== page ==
Water Benefit Standard Launch: 3 September at World Water Week in Stockholm
The Gold Standard is launching our Water Benefit Standard that will drive funding and long-term governance to critically important water projects. By applying a Gold Standard results-based finance, or ‘payment for performance’ model, proven for a decade in financing successful clean energy projects, we will drive investment into programmes that supply, purify, and conserve water.
“Water Benefit Certificates – Mobilising Capital for Sustainable Water Projects”
World Water Week
03 September 2014, 12:45-13:45, Room T4
The standard is being developed in association with the Water Benefit Partners Programme, initiated and managed by First Climate. The Programme is a Public Private Partnership (PPP) between the Swiss Government and a number of NGO and commercial partners.
• To provide safe water to local communities
• To conserve water by decreasing consumption
• To ensure other environmental and social benefits to local communities
Our Technical Advisory Committee comprised of the world’s leading technical and policy experts has put together the industry’s first Rules and Requirements, and Methodologies for water programmes to ensure initiatives lead to real, measurable, and sustainable outcomes. These will be posted and publicly available on 3 September 2014. We will then hold a public consultation to solicit feedback on the development of this groundbreaking work and will also continue piloting.
Expressions of interest are invited from organisations that wish to consider providing financial and/or material in-kind contributions to expand and enhance the Water Benefit Standard. Please contact the secretariat at firstname.lastname@example.org.
The Water Benefit Standard in Action: Pilot Projects
The Water Benefit Standard is already making a difference in supplying, purifying, and conserving water around the globe. Take a look at the progress being made by the pilot projects currently underway.
Whave is working with the Ugandan government to develop a national safe water programme that contracts local water service entrepreneurs to establish and maintain improved water sources and promote hygiene. All water access interventions use low or zero carbon emitting technologies supplied by local producers who reach those households with the greatest needs based on consultations with local communities and NGOs.
The SSI technique features simple innovations that save up to 90% of water during sugarcane germination and additional water savings throughout cultivation. Smallholders can also increase their income with these sustainable practices. Through revenue from selling Water Benefit Certificates, AgSri will expand the project reach, subsidise the cost of seedlings for farmers to encourage wider participation, and develop educational campaigns.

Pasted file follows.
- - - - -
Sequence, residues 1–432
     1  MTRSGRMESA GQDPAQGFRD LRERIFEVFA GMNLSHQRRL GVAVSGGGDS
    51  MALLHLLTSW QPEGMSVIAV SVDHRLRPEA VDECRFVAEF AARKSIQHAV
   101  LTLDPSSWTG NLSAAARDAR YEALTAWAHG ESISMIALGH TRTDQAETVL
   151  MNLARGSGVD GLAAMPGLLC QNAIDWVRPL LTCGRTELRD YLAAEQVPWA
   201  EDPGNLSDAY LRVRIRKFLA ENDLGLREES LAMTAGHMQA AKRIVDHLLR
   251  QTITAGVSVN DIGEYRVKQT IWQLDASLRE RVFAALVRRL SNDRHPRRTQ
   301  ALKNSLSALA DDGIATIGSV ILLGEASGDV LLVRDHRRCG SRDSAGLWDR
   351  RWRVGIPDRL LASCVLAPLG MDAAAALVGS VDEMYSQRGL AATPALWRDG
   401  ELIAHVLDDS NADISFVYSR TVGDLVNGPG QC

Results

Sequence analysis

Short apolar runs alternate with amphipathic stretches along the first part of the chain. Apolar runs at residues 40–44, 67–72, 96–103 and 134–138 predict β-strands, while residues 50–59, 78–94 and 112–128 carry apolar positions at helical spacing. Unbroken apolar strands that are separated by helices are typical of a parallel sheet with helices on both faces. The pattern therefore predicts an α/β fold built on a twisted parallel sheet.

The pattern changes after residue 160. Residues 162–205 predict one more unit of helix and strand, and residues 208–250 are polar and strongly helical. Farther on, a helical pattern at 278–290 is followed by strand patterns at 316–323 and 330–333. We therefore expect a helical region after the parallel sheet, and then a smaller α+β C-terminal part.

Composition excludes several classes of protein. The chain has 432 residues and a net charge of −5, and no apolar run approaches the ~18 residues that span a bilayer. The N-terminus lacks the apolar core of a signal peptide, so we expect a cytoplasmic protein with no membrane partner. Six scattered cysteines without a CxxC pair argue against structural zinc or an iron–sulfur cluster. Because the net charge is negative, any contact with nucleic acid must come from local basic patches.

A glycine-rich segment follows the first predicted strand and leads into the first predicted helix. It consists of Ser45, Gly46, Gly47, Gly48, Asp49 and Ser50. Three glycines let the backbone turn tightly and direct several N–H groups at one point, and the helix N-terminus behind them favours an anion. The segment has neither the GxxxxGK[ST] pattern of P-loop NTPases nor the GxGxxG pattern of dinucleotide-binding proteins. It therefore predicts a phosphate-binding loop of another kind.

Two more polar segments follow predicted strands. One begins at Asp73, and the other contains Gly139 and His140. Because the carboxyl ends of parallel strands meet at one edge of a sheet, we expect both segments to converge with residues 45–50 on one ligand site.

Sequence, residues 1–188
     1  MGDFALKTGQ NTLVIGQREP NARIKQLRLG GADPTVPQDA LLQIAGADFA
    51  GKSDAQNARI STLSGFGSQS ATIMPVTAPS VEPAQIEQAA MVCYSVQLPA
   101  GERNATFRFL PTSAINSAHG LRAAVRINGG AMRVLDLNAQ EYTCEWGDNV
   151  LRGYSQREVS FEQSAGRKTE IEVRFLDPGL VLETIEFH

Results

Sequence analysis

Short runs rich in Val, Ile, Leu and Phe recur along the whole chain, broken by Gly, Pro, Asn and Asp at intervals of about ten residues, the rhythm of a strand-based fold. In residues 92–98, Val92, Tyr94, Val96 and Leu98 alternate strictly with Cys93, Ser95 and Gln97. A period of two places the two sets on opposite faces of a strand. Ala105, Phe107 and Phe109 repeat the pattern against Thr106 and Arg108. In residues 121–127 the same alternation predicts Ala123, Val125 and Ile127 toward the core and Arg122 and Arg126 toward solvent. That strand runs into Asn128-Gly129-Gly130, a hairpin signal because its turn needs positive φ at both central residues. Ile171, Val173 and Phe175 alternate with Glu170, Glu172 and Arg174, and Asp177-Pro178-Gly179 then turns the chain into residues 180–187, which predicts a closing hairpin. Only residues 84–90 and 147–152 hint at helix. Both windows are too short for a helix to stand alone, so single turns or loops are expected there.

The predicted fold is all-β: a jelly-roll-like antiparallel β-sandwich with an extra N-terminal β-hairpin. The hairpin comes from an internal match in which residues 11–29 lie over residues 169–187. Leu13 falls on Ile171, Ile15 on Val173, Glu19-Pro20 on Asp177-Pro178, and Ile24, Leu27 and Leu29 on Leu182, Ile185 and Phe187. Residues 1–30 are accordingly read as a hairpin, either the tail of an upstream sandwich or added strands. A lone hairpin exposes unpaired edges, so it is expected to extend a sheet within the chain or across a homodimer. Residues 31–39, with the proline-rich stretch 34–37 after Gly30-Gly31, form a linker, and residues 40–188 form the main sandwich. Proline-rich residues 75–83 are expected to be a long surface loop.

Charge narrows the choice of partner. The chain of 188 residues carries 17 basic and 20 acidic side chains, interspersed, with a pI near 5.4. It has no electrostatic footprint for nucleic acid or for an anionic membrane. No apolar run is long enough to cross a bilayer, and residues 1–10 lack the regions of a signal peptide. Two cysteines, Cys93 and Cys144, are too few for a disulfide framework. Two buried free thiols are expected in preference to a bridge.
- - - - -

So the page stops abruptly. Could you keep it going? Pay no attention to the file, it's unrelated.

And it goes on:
Why the Water Benefit Standard?
Freshwater sustains life – neither people nor nature can exist without it. It’s necessary for food and energy security, it is vital for human health and functioning eco-systems. Water is also a tremendous contributor to economic growth.
Yet, many of the water systems that keep ecosystems thriving and feed a growing human population have become stressed. Rivers, lakes and aquifers are drying up or becoming too polluted to use. More than half the world’s wetlands have disappeared. Agriculture consumes more water than any other source and wastes much of that through inefficiencies. Experts predict that ‘business as usual’ water use will expose 4.8 billion people to severe water scarcity by 2050. For all these reasons many talk about a global water crisis, along with climate change, as the most pressing challenges of the 21st century.
Today’s Challenges in Water Finance
The World Water Council and Global Water Partnership cite that ‘water, above all, is a problem of governance’. WWF says often laws, policies and institutions meant to protect and manage water aren’t strong enough, meaning that resources aren’t managed well with an often shortfall in necessary investment and technologies. Sustainable WASH (Water, Sanitation and Hygiene) for example, estimates that of 800,000 hand pumps installed in Sub-Saharan Africa over the past 20 years, some 30% are known to fail prematurely, representing a total failed investment of at least $1.2 billion. Less than 1% of projects have any long-term monitoring.
The Water Benefit Standard provides the robust design and governance that will ensure long-term outcomes and drive funding to critically important water projects. As the programme scales up, it can make a meaningful contribution to the post-2015 Sustainable Development Goal to “ensure availability and sustainable use of water and sanitation for all.”
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